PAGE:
This week I presented a demo at White Hill Stud. Also speaking was Camilla Henderson –Sports and Performance Consultant. She gave a talk on Rider Sports Psychology-It was really good and if you are interested in that sort of thing you should check her out.
Anyway, one of the things she talked about affecting confidence was competence and fitness.
This resonated with me on a number of levels. Once of course being that fitness is my business but also because from personal experience.
It stands to reason that if you feel weak and wobbly on your horse you are more likely to feel insecure. Also if you feel uncoordinated and not in control of your body this can lead to feeling unsafe.
If this is you then improving how your body performs is definitely a good place to start.
Fitness for riders can be many things dependant on their particular equestrian discipline and of course their own wants and needs.
A few key areas to look at are:
- Flexibility and Mobility. Having a good range of movement from head to foot ensures your body is able to function uninhibited and without restriction. As riders we do not need extreme flexibility like a gymnast, but any areas where you do not have an average range of movement needs addressing even if I’d does not seem to directly affect your riding. This is because we are joined from head to foot via muscles, tendons and fascia and a restriction in the left foot could possibly affect the function of the rider shoulder and vice versa and all its variants.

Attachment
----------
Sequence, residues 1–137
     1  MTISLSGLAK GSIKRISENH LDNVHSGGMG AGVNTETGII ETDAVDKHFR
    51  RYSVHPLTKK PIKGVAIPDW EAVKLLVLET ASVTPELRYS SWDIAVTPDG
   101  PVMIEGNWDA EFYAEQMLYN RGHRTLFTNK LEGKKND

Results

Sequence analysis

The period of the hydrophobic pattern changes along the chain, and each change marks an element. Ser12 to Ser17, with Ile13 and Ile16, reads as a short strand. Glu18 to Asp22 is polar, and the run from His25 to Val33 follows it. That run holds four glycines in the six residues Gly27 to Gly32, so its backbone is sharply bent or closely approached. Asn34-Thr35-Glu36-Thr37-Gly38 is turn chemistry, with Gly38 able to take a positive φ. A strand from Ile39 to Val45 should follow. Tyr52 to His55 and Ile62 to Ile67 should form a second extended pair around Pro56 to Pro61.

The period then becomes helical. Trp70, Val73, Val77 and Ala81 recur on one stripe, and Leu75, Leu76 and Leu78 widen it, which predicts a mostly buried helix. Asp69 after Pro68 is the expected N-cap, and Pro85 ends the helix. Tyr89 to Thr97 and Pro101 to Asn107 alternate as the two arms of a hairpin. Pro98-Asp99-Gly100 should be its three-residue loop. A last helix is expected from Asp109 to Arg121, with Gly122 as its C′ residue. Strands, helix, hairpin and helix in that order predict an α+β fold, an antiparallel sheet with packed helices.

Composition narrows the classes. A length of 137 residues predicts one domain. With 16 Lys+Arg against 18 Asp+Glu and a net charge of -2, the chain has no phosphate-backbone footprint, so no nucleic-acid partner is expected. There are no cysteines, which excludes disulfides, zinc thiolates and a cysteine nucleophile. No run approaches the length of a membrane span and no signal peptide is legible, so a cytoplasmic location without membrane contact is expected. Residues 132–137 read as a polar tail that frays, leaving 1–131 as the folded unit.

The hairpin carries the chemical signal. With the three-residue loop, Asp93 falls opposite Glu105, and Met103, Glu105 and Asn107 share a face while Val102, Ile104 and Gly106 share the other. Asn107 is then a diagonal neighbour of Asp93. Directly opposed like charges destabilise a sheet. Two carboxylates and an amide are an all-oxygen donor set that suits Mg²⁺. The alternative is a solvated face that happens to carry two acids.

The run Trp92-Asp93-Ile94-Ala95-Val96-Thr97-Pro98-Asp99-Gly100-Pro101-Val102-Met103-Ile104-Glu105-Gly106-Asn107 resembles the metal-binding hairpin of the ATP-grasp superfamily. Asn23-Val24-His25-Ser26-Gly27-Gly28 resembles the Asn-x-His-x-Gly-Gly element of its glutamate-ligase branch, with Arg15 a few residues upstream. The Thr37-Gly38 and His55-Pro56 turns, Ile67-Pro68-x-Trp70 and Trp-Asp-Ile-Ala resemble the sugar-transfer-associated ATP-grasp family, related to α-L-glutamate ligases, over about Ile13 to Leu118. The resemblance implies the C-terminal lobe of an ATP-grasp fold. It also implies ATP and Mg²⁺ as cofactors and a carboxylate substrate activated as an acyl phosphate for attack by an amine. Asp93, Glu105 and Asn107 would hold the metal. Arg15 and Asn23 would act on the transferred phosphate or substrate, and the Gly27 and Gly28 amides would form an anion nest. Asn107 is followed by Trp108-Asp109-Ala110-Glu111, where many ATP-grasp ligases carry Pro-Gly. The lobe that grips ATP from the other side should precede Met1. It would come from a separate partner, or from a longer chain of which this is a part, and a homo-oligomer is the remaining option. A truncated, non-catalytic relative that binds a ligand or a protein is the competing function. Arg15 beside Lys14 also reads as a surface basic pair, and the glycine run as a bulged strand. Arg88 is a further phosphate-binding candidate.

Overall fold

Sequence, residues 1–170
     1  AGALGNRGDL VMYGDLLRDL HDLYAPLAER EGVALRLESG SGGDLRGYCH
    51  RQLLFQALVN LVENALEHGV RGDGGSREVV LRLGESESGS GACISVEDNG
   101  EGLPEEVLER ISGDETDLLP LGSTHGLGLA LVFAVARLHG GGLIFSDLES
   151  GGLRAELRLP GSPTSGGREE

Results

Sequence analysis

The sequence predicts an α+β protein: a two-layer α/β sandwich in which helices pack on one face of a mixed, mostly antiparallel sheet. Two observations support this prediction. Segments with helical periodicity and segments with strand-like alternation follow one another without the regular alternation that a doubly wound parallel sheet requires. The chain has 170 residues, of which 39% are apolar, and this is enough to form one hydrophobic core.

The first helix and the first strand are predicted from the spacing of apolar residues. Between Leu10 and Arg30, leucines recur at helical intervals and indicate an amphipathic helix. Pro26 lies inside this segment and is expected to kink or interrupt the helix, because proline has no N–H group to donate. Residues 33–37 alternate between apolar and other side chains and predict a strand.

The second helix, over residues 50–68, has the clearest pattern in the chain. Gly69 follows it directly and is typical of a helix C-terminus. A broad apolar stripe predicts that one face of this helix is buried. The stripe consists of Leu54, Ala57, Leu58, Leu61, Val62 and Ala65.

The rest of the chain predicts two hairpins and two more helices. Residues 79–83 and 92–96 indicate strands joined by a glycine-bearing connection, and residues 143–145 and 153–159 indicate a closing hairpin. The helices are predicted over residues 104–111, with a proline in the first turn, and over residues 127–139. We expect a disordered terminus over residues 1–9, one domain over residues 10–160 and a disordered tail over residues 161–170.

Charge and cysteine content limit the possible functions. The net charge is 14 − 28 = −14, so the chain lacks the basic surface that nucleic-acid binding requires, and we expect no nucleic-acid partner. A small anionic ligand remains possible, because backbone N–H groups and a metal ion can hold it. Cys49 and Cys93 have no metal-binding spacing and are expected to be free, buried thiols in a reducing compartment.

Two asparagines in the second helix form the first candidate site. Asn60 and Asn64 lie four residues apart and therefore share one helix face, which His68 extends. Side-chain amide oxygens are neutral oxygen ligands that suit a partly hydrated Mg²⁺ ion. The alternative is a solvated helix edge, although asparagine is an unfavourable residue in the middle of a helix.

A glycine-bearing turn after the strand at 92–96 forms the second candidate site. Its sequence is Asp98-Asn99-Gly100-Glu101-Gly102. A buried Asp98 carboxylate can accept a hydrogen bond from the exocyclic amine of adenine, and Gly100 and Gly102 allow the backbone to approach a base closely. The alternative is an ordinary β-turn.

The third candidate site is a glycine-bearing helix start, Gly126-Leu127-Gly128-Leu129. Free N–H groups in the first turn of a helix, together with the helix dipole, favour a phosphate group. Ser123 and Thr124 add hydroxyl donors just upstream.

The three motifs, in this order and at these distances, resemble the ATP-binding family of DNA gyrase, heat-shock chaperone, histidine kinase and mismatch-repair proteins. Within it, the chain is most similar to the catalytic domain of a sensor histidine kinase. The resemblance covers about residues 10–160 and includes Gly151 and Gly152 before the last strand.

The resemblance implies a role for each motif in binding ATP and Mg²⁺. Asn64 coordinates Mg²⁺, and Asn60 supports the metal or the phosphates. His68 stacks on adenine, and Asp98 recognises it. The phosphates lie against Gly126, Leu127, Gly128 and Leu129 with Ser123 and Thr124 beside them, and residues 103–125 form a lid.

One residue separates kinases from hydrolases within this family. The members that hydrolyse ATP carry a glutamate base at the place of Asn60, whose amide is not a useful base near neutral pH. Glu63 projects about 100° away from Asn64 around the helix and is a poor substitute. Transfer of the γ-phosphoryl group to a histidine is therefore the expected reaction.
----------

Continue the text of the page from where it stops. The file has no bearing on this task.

- This refers to balance and muscle strength. Again this does not need to be extreme Strongman style strength but good muscular tone enables us to have better control of our bodies reaction to the horse underneath us and enables us to better hold our position without force or tension.
- This is a fancy way of saying body awareness and co-ordination. If alongside strength you are able to properly control your body and its reactions this will enable you to feel infinitely more in control and therefore safer as a result of it.
- Cardio fitness essentially refers to your lung capacity and in simple terms your ability to keep going without passing out! In terms of riding the fitter you are the longer you will be better able to breathe and transport oxygen around your body for energy, but also the longer you will have the physical capabilities to keep giving clear aids and remain in control of your body and also keep a clear mind. The level and type of cardio you require will be different depending on your particular discipline. E.g. a Showjumper needs fitness for a short, fast round like a sprinter, whereas a Cross Country eventer needs fitness for more of a marathon style event.
So, if you do feel that your body needs a little improvement to help you improve in the saddle I hope this has given you an idea of where to start.
If you would like more specific help I offer 121 in person and on line coaching so get in touch!